Financial Considerations of RV Living

Boondocking isn’t all bad. Sometimes you get a view like this.

Planning your full time finances can be difficult because there are so many variables. What part of the country you live in, the amount you travel, the size of your RV or truck/camper combination, and your comfort and ability when it comes to boondocking all factor into your economic calculations. Looking at other full timer expenses is helpful but not always applicable to your situation.

Full timing, like everything else, costs more these days. Only the insane price inflation of renting or buying a home keep the mobile lifestyle financially attractive, and that’s in relative terms. It’s definitely not as cheap as the old days. Most of the time, people underestimate the costs of living on the road.

Outlined below are your major expense categories and the factors that influence each one.

Mo’ Bigger, Mo’ Money

There’s one simple rule when it comes to your camper or RV: The bigger your rig, the higher your expenses. With a 40 foot Class A diesel pusher you’ll have more room than a Bangladesh apartment, more richly appointed than most homes. You will lack for nothing. What you will have are bills. Fuel bills, maintenance bills, and many times you’ll pay more for campsites just because your rig takes up more room and uses more electricity. That’s on top of higher licensing and insurance costs. If you’re trying to live the frugal RV life, a large Class A is going to be a constant source of expense.

The same applies to large 5th wheels and travel trailers. The bigger the unit, the more tow vehicle it takes to drag it around. Big diesel trucks are expensive to buy and even more expensive to maintain. Your fuel bills will be high, even when you’re not towing.

Paying Cash or Financing

The median mortgage payment in the US is $1050.00. At full time rates campsites will run anywhere from $400 to $600 a month, depending on how you shop and the caliber of RV parks you prefer. If you add a $250 to $500 a month camper payment, and maybe a vehicle payment on top of the campground costs, the frugal aspects of RV living vaporize.

If you want to really save money, then buy a smaller, used camper. A used unit is ideally less than 10 years old and in good shape. Pick one you can afford to pay cash. Owning your camper RV and/or tow vehicle is the only way RV living delivers real cost savings.

If you boondock you’ll likely need a way to move waste to the dump site without moving your camper. That’s where a blue boy comes in.

Boondocking

If you really want the mobile lifestyle to pay off, you’ll need to look at boondocking at least part of the year. Boondocking is staying on undeveloped government land for little or no money. Some people can do it and enjoy it. More power to them. My wife and I did not enjoy our time off grid and that was in a relatively safe state park campground. For us $600 a month for fences and gates, electricity, water, nighttime security, sane neighbors and a pool is a small price to pay.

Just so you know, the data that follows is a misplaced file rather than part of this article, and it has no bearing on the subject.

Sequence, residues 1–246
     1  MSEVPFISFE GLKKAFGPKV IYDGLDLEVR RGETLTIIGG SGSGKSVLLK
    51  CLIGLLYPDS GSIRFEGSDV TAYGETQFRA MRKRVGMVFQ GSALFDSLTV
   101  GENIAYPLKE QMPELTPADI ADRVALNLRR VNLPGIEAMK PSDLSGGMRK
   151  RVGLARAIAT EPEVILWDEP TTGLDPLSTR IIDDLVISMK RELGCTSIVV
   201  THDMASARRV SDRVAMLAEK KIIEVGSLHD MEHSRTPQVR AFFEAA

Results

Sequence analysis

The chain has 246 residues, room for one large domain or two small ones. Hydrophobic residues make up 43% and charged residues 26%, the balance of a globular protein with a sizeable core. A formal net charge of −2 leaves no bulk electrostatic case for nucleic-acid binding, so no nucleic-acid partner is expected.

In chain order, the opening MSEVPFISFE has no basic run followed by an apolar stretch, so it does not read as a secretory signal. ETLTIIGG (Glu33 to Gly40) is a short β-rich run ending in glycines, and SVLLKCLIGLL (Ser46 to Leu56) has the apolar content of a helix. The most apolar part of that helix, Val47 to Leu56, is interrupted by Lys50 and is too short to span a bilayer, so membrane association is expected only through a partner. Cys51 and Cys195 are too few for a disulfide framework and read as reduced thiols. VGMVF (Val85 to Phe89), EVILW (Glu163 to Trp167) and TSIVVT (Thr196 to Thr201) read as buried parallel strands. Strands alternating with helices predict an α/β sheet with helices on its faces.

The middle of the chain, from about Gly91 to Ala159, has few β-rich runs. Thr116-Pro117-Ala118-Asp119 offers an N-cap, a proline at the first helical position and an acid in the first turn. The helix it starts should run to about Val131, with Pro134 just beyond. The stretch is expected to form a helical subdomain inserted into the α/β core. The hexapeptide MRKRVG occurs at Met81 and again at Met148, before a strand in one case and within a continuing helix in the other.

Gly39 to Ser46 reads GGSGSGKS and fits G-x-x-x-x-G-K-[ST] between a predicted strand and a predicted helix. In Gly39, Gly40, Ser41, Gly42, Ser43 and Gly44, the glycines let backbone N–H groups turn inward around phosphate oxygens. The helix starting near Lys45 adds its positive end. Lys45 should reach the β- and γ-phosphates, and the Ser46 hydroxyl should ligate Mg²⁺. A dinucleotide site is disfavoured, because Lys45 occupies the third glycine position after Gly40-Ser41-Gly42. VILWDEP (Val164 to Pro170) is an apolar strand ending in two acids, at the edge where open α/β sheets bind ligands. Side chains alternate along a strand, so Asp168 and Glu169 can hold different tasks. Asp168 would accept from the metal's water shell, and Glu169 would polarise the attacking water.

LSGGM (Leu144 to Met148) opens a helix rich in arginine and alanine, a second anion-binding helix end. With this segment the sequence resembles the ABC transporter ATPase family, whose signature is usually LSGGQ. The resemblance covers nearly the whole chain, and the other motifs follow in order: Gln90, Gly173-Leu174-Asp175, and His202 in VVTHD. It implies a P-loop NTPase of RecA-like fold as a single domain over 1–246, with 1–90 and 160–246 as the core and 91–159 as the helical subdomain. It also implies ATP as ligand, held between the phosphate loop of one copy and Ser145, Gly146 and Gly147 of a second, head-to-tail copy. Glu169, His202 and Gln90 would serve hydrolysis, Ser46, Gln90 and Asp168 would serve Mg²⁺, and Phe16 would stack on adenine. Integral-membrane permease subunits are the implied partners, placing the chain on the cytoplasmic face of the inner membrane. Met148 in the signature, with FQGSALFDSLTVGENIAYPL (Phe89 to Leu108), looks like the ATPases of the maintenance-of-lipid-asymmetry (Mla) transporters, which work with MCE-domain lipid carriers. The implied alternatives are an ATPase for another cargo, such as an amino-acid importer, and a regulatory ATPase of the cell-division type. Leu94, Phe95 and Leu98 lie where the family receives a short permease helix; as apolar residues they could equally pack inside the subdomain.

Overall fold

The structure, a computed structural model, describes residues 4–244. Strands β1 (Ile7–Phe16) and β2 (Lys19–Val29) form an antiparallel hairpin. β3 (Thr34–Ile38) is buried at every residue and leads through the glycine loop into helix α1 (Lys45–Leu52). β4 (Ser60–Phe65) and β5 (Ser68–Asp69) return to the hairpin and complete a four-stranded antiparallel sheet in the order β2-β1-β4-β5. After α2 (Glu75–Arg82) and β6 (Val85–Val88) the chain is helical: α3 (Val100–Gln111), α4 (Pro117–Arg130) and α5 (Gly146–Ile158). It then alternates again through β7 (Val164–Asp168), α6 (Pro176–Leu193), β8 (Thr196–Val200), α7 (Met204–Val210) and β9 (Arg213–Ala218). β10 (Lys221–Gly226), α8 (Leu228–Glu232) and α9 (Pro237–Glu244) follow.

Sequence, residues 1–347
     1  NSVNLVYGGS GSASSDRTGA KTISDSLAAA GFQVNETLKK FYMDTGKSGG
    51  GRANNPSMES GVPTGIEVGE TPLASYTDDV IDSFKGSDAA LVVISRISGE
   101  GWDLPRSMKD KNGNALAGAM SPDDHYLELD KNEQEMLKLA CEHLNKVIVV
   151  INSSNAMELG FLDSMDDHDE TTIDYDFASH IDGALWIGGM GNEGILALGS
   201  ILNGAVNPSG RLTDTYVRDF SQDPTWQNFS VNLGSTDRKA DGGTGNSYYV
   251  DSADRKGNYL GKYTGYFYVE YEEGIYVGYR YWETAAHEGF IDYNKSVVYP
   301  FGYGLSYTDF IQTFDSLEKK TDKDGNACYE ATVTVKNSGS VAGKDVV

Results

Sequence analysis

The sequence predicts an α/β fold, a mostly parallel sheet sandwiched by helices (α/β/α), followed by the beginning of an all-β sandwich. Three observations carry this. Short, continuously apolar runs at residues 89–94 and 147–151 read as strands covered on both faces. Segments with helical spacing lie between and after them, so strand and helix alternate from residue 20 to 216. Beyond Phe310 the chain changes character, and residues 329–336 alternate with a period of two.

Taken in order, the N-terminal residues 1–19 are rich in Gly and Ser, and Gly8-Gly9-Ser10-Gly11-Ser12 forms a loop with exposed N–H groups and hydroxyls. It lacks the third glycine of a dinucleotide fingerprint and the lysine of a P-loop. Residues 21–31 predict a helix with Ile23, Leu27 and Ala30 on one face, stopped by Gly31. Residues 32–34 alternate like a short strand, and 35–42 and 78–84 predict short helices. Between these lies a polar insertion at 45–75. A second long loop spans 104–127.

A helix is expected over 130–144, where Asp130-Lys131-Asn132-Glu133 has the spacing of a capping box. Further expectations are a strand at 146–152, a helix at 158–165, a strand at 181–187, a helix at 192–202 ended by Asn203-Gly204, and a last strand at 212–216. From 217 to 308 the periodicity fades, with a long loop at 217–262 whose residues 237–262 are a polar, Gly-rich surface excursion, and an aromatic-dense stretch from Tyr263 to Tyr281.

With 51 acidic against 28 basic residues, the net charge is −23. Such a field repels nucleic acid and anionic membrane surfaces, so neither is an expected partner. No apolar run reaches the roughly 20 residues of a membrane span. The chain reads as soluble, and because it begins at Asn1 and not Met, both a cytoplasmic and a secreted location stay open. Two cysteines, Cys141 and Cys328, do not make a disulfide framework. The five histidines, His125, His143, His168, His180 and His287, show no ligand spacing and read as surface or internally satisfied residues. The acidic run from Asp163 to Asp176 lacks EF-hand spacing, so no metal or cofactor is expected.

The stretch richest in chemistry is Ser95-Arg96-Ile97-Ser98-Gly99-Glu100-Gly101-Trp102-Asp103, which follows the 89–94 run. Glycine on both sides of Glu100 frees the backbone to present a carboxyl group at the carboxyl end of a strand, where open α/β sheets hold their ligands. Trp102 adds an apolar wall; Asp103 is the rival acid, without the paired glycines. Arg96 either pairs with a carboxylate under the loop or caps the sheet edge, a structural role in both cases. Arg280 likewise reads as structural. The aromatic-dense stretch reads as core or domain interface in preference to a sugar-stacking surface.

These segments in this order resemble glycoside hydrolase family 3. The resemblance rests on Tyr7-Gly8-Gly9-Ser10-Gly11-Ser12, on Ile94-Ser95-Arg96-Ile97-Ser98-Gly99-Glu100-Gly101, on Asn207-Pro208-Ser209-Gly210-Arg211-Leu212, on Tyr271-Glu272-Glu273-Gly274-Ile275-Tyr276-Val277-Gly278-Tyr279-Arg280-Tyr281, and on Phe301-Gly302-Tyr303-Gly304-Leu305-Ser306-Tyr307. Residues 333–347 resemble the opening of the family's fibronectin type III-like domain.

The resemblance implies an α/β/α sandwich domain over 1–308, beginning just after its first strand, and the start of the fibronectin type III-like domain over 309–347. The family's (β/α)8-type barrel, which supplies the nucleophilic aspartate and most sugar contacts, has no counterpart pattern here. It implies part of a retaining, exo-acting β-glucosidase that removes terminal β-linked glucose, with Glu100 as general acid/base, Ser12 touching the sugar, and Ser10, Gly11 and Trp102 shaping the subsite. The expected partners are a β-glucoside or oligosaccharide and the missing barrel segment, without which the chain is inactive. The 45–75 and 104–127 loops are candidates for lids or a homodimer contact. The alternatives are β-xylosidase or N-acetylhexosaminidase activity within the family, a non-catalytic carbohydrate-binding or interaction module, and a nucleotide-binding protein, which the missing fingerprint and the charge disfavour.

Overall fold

All the same, those who can boondock for weeks or months at a time, will be able to make their budget stretch nearly to infinity. You’re basically living for the cost of fuel for the generator and food. The payback is hauling your waste to a dump site and hauling in water.

Camping Clubs

Another option that many fulltimers utilize are park networks like Thousand Trails, Encore, and Passport America. Camping clubs all work a little differently, the price can vary greatly, there are restrictions and the level of service can be wildly inconsistent. That said, people who can make memberships like Thousand Trails work, can save hundreds of dollars. By way of disclosure, we received a promotional TT membership. We booked four days at one of the three TT resorts in Florida and found the campground so deplorable we left the next morning. Our experience is not universal and most campers rate that park higher than we do. All the same, I’d chew my hand off before letting it give my credit card number to Thousand Trails.

Shopping camping clubs competitively can consistently yield both unique experiences, like Harvest Hosts, and steeply discounted stays at some entirely decent parks. Most memberships pay for themselves with just one or two uses and most fulltimers have a drawer full of club cards.

Vandwellers Win

People who live in customized van and small trucks have the best return as far as cost savings. Vandwellers are basically living in their car, customized for comfortable sleeping. They can, literally, park anywhere, camp anywhere, sleep anywhere they can leave a vehicle for a few hours without someone banging on the door.

Like any lifestyle compromise, that savings comes at a cost. One of the costs is space. Van living is incredibly cramped. A couple sleeping in an airspace that small is breathing one another’s sweat all night. Vandwellers have to be particularly careful when heating a van. Even heaters rated for indoor use can be fatal in a well-insulated airspace that small.

Another downside to van living is people who live in vans are being increasingly lumped in with the homeless in many urban areas and occasionally swept up in efforts to relocate vagrants. Added to that are the small number of vandwellers who themselves act like vagrants by leaving a mess behind, setting up tents, or sitting outside their vans in lawn chairs. A relative handful spoil it for the many.

Think It Through

The biggest mistake I see people make is going too big. It’s easier to upsize than downsize once you’re out on the road.

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